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In Birmingham, the miscreants wait till night dawns

Last updated on: August 9, 2011 21:30 IST

In Birmingham, miscreants wait till night dawns

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Bikash Mohapatra

Rediff.com's Bikash Mohapatra has been covering India's cricket tour of England. On Tuesday, he witnessed the mayhem that has enveloped the nation following the killing of a 29-year-old man in police firing during a protest march

Shops close early here in Birmingham.

We were late though, myself and a senior colleague.

Having wrapped up a hard day's work, it was time to go and buy some essentials, before it got too late.

Our hotel being just outside the City Centre, we preferred to walk. All was hunky-dory till we reached the Bullring (shopping centre).

Then a batch of officers could be seen rushing from one end to the other. Another batch followed soon after. The shrill of the siren was deafening.

Soon the cops were all over the place. (They had the information well in advance through some social networking site and had prepared themselves in advance)

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Image: Men look at a burnt out car after disturbances in the Handsworth area of in Birmingham
Photographs: Darren Staples/Reuters
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As we turned corner, we could see a few masked men staring at us. They didn't seem threatening. It was just that they didn't take their eyes off us.

We kept moving till we bumped into a French couple.

"What's happening? Why have so many cops come here?" asked the man. I was clueless, looking for an answer myself. That came a few minutes later, from Junaid, a Pakistani student.

"You know what happened in Tottenham. It is the Birmingham version of the same," explained Junaid. It had started in the north London suburb with one Mark Duggan being shot dead by the police. In a couple of days it has spread across Britain.

"Unnecessary," I blurted out. He nodded in agreement. By then we had already walked far, right in the midst.


Image: Firemen continue to dowse down buildings set alight during riots in Tottenham in north London
Photographs: Luke MacGregor/Reuters
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In Birmingham, the miscreants wait till night dawns

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The cops game charging in. The masked men started running back. There was no violence. Just dispersing of the mob.

We were told to take a detour. 

We turned towards the Victoria Square, only to a few broken windows. Yes, shops had been ransacked, some right in front of the cops. Things were taking a nasty turn.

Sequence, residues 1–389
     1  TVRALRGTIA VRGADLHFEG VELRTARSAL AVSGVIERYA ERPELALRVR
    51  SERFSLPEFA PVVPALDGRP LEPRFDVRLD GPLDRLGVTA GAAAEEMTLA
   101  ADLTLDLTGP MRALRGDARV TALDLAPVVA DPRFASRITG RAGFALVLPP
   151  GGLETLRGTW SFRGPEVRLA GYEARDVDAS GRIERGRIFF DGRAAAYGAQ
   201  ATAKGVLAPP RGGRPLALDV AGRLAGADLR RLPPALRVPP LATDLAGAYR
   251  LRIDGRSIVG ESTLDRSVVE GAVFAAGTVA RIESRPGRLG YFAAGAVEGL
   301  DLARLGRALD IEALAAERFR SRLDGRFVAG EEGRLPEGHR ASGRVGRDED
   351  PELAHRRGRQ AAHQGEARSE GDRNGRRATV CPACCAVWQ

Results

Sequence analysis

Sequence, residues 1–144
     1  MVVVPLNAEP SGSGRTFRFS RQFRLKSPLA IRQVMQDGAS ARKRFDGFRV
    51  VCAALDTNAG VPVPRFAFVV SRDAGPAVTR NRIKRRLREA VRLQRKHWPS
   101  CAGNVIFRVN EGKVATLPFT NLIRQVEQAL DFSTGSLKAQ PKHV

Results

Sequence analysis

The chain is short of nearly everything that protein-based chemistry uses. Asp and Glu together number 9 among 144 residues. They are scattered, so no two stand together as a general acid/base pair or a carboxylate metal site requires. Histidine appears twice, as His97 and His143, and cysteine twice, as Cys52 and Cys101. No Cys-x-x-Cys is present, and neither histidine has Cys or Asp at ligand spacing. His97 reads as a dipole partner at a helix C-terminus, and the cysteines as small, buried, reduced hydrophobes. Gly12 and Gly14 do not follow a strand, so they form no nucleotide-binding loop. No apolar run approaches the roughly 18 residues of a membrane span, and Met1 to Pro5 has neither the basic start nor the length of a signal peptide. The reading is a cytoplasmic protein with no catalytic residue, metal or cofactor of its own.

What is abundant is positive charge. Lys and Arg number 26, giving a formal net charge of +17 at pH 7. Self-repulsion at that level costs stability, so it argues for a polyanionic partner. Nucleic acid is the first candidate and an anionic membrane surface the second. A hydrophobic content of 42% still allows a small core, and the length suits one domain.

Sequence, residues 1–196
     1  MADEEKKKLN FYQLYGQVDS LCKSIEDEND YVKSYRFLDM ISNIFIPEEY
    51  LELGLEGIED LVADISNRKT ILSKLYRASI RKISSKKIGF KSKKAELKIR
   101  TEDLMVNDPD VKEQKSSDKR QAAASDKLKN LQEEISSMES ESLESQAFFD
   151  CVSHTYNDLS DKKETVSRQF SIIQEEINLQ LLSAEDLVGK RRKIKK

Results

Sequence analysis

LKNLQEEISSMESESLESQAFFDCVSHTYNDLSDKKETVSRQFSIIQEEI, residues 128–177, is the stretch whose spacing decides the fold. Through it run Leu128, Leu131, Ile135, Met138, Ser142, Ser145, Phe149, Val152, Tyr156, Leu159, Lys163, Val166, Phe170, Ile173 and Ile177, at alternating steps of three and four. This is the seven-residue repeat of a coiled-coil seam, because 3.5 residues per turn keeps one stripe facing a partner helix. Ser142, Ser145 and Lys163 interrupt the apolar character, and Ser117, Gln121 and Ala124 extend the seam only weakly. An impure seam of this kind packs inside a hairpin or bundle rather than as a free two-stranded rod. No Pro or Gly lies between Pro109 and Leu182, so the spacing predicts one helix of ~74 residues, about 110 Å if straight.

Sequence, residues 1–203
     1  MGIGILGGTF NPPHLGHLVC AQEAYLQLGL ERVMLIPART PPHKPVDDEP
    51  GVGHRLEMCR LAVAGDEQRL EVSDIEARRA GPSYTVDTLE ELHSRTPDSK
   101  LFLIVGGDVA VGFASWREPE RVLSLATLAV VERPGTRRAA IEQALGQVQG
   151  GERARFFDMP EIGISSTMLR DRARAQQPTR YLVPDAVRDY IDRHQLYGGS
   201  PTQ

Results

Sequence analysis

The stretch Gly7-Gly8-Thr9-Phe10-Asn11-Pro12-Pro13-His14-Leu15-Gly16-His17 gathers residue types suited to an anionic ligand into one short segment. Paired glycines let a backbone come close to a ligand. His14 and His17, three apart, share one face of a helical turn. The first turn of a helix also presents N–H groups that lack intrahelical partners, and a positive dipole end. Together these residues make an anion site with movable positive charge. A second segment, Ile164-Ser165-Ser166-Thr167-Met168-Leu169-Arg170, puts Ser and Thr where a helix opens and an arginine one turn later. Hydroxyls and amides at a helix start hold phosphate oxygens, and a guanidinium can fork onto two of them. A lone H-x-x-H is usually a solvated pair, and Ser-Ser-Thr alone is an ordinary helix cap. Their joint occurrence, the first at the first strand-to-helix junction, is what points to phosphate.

A few steps later, we bumped into a few people. They lifted their masks just enough to cover half their faces. The stare remained. The gang increased their pace when the saw the cops rushing.

The men in uniform had started making announcements of clearing the area. We decided to return to the hotel.


Image: A firefighter is reflected in a damaged window in Tottenham, north London
Photographs: Stefan Wermuth/Reuters
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In Birmingham, the miscreants wait till night dawns

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Curiosity took us to the other end of the city though. The residential area was quite safe. The increased patrolling clearly suggested the police wasn't prepared to take any chances.

People of a certain community could be seen rushing towards the centre. A Gujarati businessman, walking back homewards, seemed petrified by the developments.

"Don't go towards the City Centre," he warned. We assured him our hotel was nearby.

"Be careful," he said, before trudging off. It was about 8 pm. We increased our pace, reached the hotel and inquired if there was an alternative market nearby. The answer was a negative.

"There are a few stores down the left but they going there now may not be safe," said an Indian student, working as a trainee in the hotel.

We took the advice, went to our respective rooms, without realizing that was going to happen in the next few hours.


Image: A police officer wearing riot gear stands near a burning police car in Tottenham
Photographs: Stefan Wermuth/Reuters
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The picture became clear this morning.

The damaged shops and the broken glass panes were testimony to the damage inflicted. The mob wasn't interested in anything but looting. They were using the riots in London as an excuse.

Electronic stores and those selling high-end goods had been the most affected. Most of the miscreants had been teenagers, keen on fancy goods. It was difficult to imagine what had happened inside 24 hours everything seemed so peaceful while we were walking through these markets a day earlier.

It took some effort before I could make it to Edgbaston ground. Even as I paid him, the experienced driver had a warning.

"Whatever happened last night was the start. It will go on for a few days. Be careful tonight," he said in a concerned voice.

It is a couple of hours to go before night sets in. I have no clue as to what to expect today, having been witness to the day one mayhem in Birmingham.

Come to think of it, I'll be here for a week. Then I go to the epicentre.

Yes, London is my next destination!


Image: A street cleaner hoses down the street around burned out mini cars set alight during riots in Hackney in London
Photographs: Luke MacGregor/Reuters
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